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Sports Health ; 12(1): 74-79, 2020.
Artigo em Inglês | MEDLINE | ID: mdl-31642726


BACKGROUND: Lower extremity overuse injuries are common among runners, especially first-time marathoners. Hip abductor and quadriceps strengthening is often recommended to reduce running-related injuries. HYPOTHESIS: A 12-week strength training program would decrease the rate of overuse injuries resulting in marathon noncompletion and improve race finishing time. STUDY DESIGN: Randomized trial. LEVEL OF EVIDENCE: Level 2. METHODS: Twelve weeks before the New York City Marathon, first-time marathon runners age 18 years and older were randomized into a strength training group or an observation group. The strength training group was instructed to perform a 10-minute program 3 times weekly using written and video instruction. This program targeted the quadriceps, hip abductor, and core muscle groups. Injuries were self-reported through biweekly surveys, with major injuries being those that resulted in marathon noncompletion and minor injuries being those that impaired training or race performance. RESULTS: A total of 720 runners were enrolled (mean age, 35.9 ± 9.4 years; 69.4% female), of whom 583 runners started the marathon and 579 completed it. The incidence of major injury was 8.9% and minor injury was 48.5%. Fifty two of 64 major injuries were overuse, of which 20 were bone stress injuries. The incidence of overuse injury resulting in marathon noncompletion was 7.1% in the strength training group and 7.3% in the observation group (risk ratio, 0.97; 95% CI, 0.57-1.63; P = 0.90). The mean finishing time was 5 hours 1 ± 60 minutes in the strength training group and 4 hours 58 ± 55 minutes in the observation group (P = 0.35). CONCLUSION: There is a high prevalence of injury among first-time marathon runners, but this self-directed strength training program did not decrease overuse injury incidence resulting in marathon noncompletion. CLINICAL RELEVANCE: Prevention strategies such as strength training need to be developed and evaluated through clinical trials to reduce the high prevalence of overuse injuries in runners, especially for high-risk populations such as first-time marathon runners.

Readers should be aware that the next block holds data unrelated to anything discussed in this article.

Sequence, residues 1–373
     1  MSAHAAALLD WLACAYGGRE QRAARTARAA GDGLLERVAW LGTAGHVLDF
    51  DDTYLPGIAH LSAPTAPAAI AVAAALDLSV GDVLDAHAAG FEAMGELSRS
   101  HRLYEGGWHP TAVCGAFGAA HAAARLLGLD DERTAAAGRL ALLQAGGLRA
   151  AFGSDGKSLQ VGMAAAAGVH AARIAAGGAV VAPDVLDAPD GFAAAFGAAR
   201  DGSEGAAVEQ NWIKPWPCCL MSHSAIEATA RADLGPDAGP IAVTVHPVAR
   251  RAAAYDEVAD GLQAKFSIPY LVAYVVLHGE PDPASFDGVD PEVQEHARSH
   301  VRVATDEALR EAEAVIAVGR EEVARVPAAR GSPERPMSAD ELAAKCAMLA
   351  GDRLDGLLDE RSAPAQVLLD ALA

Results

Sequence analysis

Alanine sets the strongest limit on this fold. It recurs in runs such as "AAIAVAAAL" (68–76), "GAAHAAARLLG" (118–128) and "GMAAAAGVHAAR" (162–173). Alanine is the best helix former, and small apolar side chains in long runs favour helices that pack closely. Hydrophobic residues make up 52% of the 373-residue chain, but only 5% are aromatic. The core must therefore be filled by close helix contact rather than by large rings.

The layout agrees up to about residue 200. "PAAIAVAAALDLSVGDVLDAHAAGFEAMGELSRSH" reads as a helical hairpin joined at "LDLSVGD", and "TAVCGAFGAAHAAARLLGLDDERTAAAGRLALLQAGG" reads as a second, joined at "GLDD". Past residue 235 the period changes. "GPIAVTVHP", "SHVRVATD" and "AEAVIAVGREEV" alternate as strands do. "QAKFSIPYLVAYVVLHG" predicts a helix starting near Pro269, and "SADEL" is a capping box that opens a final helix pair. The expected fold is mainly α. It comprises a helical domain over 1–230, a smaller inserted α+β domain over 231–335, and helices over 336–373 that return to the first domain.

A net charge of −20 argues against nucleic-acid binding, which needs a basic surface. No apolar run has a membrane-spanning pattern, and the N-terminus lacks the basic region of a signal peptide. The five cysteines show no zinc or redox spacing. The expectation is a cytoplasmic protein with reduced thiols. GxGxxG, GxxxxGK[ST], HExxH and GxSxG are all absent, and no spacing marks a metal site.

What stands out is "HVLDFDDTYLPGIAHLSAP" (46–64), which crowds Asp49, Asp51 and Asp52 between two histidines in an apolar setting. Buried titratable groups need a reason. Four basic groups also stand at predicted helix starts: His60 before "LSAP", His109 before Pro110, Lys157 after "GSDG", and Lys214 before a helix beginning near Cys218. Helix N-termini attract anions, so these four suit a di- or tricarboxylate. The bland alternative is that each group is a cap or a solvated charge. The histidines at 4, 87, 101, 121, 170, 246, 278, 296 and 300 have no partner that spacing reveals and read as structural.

Transtornos Traumáticos Cumulativos/prevenção & controle , Extremidade Inferior/lesões , Força Muscular/fisiologia , Resistência Física/fisiologia , Treinamento de Resistência , Corrida/lesões , Adulto , Transtornos Traumáticos Cumulativos/epidemiologia , Transtornos Traumáticos Cumulativos/fisiopatologia , Humanos , Cidade de Nova Iorque/epidemiologia , Fatores de Risco , Corrida/fisiologia
Sports Health ; 11(6): 486-491, 2019.
Artigo em Inglês | MEDLINE | ID: mdl-31567052


CONTEXT: The incidence of sports-related concussion in females has been increasing in recent years. OBJECTIVE: To conduct a meta-analysis on sex-based differences in concussion incidence in various sports and to determine the effects of study design (retrospective vs prospective), setting (competition vs practice), and population (university and above vs high school and below) via a meta-regression. DATA SOURCES: PubMed (Medline), EMBASE, and Cochrane Library databases were searched from January 2000 to January 2018. STUDY SELECTION: Studies reporting sports-related concussion incidence data for both males and females (age ≥10 years) were included. STUDY DESIGN: Systematic review with meta-analysis and meta-regression. LEVEL OF EVIDENCE: Level 4. METHODS: The rate ratio was calculated as the concussion rate in females/males. Data were pooled using the DerSimonian-Laird random-effects model. RESULTS: Thirty-eight studies met the eligibility criteria and were included in the meta-analysis. Soccer and basketball demonstrated significantly higher incidence of concussions in females compared with males (rate ratio [95% CI], 1.76 [1.43-2.16] and 1.99 [1.56-2.54], respectively; P < 0.01). Sex-based differences in concussion incidence rates for baseball/softball, ice hockey, lacrosse, swimming/diving, and track and field were not statistically significant. In the meta-regression analysis, there were no significant effects on the rate ratio when evaluating study design, setting, and population. CONCLUSION: Concussion incidence rates were significantly higher in females than in males for soccer and basketball.